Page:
Japan and its space agency, JAXA, have spent decades attempting to make it possible to transmit solar energy from space. In 2015, JAXA scientists effectively transmitted more than 50 meters and 1.8 kilowatts of power, enough energy to operate an electric saucepan, to a wireless receiver. Now, Japan is on the verge of bringing the technology one step closer to fruition.
As early as 2025, according to Nikkei, a Japanese public-private partnership will endeavor to transmit solar energy from orbit. The initiative, led by Naoki Shinohara, a professor at Kyoto University who has been researching space-based solar energy since 2009, will endeavor to place a number of small satellites in orbit. Then, they will attempt to transmit the solar energy to ground-based receiving stations hundreds of miles away.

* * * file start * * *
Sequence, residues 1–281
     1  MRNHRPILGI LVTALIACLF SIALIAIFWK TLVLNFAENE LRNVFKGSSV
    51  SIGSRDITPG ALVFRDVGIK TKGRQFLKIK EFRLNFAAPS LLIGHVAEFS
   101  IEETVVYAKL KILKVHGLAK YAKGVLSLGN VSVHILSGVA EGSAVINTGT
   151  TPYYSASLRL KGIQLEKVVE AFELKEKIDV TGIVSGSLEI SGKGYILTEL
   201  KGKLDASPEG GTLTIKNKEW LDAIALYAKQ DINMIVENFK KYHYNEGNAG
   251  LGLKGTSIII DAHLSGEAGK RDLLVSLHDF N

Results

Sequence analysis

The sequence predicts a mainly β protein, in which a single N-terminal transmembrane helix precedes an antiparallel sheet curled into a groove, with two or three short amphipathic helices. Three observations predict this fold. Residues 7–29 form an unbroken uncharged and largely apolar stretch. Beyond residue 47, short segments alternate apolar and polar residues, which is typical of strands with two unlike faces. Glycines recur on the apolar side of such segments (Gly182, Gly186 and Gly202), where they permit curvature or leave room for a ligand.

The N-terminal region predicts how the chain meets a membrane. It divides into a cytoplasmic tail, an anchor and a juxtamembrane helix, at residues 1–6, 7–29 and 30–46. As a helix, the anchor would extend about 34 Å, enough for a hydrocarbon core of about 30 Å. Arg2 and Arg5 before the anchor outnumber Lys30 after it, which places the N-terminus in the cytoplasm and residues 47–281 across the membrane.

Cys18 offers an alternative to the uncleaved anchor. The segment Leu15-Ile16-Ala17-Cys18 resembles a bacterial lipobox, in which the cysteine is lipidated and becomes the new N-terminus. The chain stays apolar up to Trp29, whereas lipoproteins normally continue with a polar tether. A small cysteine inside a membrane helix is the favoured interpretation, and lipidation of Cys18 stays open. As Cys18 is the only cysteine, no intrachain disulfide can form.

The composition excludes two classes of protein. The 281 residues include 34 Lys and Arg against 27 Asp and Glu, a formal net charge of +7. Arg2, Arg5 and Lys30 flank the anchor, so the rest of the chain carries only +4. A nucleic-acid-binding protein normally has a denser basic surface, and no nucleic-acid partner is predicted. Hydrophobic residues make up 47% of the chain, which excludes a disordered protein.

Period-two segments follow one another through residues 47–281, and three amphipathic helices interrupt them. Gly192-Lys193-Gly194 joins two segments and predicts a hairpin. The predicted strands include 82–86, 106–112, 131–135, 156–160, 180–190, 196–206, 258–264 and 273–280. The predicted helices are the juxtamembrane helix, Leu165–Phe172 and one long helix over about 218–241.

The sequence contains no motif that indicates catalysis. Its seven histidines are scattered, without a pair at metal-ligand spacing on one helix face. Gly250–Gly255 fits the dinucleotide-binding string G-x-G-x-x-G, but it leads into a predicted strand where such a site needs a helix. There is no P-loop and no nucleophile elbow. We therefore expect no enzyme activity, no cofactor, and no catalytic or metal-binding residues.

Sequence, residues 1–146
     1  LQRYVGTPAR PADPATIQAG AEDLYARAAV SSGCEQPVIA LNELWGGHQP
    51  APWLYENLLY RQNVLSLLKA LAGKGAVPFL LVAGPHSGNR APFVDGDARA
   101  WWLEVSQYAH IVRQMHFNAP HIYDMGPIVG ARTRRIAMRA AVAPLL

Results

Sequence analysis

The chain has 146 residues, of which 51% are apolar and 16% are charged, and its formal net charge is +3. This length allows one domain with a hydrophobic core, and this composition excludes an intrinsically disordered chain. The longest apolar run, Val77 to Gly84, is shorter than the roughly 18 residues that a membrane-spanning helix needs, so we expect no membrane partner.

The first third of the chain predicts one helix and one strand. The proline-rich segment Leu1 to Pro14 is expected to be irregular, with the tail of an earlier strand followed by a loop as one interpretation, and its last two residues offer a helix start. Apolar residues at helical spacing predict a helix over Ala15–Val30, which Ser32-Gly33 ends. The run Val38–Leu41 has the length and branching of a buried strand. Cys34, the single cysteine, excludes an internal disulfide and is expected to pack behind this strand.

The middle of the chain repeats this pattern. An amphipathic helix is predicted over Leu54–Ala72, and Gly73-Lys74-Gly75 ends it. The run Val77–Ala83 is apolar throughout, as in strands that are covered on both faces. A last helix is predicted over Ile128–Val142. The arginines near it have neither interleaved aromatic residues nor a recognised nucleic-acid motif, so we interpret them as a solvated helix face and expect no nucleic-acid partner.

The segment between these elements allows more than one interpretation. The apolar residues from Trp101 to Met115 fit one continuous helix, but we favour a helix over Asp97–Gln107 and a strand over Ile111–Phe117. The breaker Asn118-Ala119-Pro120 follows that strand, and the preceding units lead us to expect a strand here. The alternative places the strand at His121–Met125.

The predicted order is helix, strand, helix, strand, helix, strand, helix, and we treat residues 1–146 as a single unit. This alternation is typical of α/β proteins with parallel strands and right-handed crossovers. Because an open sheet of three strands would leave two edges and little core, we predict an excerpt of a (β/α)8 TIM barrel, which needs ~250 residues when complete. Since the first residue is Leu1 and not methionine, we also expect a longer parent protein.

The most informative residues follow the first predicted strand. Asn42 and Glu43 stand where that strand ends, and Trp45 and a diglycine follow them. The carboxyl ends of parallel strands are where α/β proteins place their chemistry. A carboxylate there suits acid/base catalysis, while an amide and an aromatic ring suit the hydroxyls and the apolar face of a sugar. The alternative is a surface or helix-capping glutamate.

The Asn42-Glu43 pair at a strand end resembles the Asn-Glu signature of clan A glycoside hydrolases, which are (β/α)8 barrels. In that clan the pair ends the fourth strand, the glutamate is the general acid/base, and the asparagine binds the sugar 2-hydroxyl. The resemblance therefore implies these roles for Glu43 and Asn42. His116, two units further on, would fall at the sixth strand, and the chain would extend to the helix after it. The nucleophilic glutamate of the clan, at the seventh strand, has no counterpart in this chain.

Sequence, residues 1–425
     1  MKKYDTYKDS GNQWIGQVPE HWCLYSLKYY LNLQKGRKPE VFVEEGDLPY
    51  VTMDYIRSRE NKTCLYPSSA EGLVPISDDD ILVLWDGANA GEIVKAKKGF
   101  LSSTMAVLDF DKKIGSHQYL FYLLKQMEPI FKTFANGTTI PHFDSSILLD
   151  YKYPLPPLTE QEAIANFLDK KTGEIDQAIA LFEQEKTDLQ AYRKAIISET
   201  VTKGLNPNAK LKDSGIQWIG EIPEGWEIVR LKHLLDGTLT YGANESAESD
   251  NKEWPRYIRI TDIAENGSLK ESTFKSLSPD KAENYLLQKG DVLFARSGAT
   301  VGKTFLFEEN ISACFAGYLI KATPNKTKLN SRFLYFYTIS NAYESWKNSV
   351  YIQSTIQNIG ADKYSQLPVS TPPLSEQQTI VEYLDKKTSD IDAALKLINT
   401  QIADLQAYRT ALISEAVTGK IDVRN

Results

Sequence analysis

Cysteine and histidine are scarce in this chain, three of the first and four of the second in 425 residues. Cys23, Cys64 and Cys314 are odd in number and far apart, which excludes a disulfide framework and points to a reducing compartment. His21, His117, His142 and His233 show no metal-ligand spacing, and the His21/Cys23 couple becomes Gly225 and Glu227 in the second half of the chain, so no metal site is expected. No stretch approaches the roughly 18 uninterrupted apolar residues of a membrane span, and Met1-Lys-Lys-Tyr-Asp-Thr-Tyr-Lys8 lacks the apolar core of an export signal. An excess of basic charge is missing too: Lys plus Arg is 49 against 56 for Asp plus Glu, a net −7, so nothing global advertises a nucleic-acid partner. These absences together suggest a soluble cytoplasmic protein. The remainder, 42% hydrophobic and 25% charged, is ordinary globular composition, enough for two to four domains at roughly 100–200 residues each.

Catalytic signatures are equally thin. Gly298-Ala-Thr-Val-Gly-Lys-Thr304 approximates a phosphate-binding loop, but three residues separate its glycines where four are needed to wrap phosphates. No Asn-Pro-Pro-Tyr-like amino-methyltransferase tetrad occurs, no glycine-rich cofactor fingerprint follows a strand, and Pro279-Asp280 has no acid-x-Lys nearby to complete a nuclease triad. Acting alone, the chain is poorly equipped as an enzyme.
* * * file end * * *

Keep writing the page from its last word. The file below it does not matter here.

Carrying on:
In 1968, the use of orbital solar panels and microwaves to transmit energy to Earth was first proposed. Since then, several nations, including China and the United States, have devoted time and resources to the concept. Because orbital solar arrays represent a potentially limitless renewable energy source, the technology is appealing. In space, solar panels can collect energy regardless of the time of day, and by using microwaves to transmit the energy they generate, clouds are not an issue. Even if Japan were to effectively deploy a set of orbital solar arrays, the technology would remain more science fiction than reality. Using currently available technology, it would cost approximately $7 billion to produce a solar array capable of producing 1 gigawatt of power, or roughly the output of one nuclear reactor.